Mekala Krishnan: Sure. These are great questions to kick us off. RCP 8.5; it’s great that so many people have asked this question because it’s actually one that was quite an important design decision that we made. So, one of the things I omitted to say as we kicked off the work is the work was a collaboration with between the McKinsey Global Institute and Sustainability Practice and Risk Practice, and one of the standard approaches in risk management is to evaluate what is called inherent risk. It’s risk, absent action to manage the risk, because it gives you a sense of the full scale of the problem that you need to manage. The main reason for taking RCP 8.5 was not because we believe it’s a base case and I think we very explicitly avoid using the language of base cases for business as usual, but rather to say let’s understand the full inherent risks, serious gaps, and adaptation and mitigation to understand the scale of the problem that we’re looking to solve.

I think the other couple of points to make related to RCP 8.5, it has, I would say quite rightly so received a lot of critique. But it’s important to understand where that critique is: it’s really in the second half of the century where RCP 8.5 is being critiqued for having “unreasonable results.” It’s really important to actually recognize that by 2050, what RCP 8.5 gets you to is a 2.3°C world. So, it’s not a crazy hot world. It’s actually somewhat in line with thinking about managing a 2°C target. I think the other thing that’s important to remember with this choice of scenario is that the alternate choice that people often use is something called RCP 4.5. And essentially, what RCP 4.5 at least from a temperature standpoint does is it delays the RCP 8.5 values by about 15–20 years. So, I think for all of these reasons, what we felt was that choosing RCP 8.5 allowed us to get a sense of the bounds of the problem. It allowed us to better understand under other RCPs, how far back would it push some of these impacts, and really understand the scale of the challenge that we’re looking to solve.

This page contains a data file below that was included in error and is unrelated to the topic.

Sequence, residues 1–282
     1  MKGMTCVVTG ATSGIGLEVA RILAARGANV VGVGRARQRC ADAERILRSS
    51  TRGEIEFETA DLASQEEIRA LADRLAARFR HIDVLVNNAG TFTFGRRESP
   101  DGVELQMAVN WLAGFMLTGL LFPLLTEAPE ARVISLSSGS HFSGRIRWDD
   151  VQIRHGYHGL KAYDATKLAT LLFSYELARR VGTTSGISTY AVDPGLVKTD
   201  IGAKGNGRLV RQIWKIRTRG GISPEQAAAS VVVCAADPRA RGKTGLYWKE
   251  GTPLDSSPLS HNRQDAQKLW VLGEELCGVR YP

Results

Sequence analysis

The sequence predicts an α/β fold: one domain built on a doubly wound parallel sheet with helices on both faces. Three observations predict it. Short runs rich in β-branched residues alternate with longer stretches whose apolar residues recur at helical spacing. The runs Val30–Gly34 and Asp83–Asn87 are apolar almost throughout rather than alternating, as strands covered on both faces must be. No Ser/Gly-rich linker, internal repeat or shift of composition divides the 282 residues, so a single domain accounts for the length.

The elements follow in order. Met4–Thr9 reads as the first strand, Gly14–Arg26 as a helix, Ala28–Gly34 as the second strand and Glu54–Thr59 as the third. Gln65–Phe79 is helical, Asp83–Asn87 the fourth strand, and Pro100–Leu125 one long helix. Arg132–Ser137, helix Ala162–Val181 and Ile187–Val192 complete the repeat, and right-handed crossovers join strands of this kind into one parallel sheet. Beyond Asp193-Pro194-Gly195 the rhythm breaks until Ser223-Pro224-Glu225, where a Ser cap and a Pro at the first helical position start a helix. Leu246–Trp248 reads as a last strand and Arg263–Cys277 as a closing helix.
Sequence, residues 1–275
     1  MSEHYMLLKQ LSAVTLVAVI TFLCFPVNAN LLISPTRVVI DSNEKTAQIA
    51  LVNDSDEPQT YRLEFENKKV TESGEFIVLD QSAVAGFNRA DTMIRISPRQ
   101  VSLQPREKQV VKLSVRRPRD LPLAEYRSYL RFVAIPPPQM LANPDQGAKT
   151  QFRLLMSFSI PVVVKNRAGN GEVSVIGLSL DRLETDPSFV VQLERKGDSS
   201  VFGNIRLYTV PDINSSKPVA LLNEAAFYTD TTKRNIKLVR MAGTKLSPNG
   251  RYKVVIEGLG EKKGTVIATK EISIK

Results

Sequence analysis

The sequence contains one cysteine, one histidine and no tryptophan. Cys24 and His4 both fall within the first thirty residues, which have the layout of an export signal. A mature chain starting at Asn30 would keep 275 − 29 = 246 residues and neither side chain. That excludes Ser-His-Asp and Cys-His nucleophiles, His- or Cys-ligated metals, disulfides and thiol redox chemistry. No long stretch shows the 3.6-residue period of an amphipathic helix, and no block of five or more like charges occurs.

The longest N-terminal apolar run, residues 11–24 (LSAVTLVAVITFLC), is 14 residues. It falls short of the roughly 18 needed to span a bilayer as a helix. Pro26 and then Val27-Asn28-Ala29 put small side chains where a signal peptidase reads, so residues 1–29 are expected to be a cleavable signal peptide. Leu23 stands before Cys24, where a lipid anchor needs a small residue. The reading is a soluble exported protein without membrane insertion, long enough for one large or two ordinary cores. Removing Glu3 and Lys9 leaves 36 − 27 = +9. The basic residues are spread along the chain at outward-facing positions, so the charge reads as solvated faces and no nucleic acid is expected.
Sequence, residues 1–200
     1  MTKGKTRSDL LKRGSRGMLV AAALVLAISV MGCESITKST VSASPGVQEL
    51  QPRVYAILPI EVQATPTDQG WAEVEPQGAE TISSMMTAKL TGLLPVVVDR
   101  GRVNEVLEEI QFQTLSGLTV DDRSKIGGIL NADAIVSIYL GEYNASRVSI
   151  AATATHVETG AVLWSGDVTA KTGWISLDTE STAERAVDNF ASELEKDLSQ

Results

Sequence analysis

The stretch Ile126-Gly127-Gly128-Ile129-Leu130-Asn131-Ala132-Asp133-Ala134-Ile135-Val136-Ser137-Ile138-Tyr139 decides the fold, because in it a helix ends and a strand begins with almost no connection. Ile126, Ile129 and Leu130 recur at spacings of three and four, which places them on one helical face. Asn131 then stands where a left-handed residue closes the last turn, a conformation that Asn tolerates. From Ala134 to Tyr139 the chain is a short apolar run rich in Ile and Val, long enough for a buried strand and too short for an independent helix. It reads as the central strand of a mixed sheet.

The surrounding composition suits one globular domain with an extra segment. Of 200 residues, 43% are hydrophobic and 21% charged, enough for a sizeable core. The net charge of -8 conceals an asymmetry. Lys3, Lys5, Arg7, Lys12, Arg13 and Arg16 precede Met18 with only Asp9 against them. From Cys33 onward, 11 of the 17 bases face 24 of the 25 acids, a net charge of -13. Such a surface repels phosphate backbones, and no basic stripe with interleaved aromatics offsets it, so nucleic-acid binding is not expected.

To the question on geopolitical risk, that’s a great question. We are typically not a policy shop or an entity that thinks a lot about geopolitics. There are a few points I would make that are related to how country risk is likely to evolve and the implications for the world. I think, firstly, as we said a few times in this presentation, of course, climate risk is spatial in nature. It’s linked to specific geographies. But as Ruslan also mentioned, climate risk is also simultaneously systemic. What that means is that risk in one part of the world is unlikely to stay in that part of the world. If you think about things like global supply chains, as we’re all experiencing right now with the pandemic, risk in one part of the world can easily spread to other parts of the world, as bottlenecks are created in global production. And that’s the one type of manifestation you could also see with climate risk.

So, it’s quite important to remember that while specific countries may be more exposed in a globalized, connected world, risk doesn’t necessarily stay in one place. And in this globalized, connected economy, you are exposed not just because of your direct risks, but also your indirect risk, in your supply chain, in your customers, in your distribution channels. So, even if you’re a country that’s not directly at risk, you are likely exposed to some form of risk. And it’s important to recognize and assess what that form of risk actually looks like for you.

Yuito Yamada: Yeah. Maybe just two quick questions, Ruslan, it might be helpful for you to get. Why did we choose some countries versus some countries who are not included in the study? Maybe that’s a quick question that you could answer. And there’s also a question around GDP impact. When we looked at the GDP impact that you account for in the second or third deliberative events, flooding in one country, etc., how do we take that. Maybe we quickly go from there, and then maybe there’s a bigger question that’s coming in. Ruslan, do you want to answer a few of them?

Ruslan Fakhrudtinov: Yes. So, for the first question, we follow a very simple approach. We basically do primary review. The first one is that we’ve taken the countries that constitute more than 95 percent of GDP and population in Asia. And second, for some of the smaller countries, it was hard to estimate some of the socioeconomic impact as well as the climate hazards themselves, given the geospatial resolution of the climate apps. That’s basically the approach to the country selection.

Yuito Yamada: Yeah. Very good. Do you want to say one word on the GDP impact?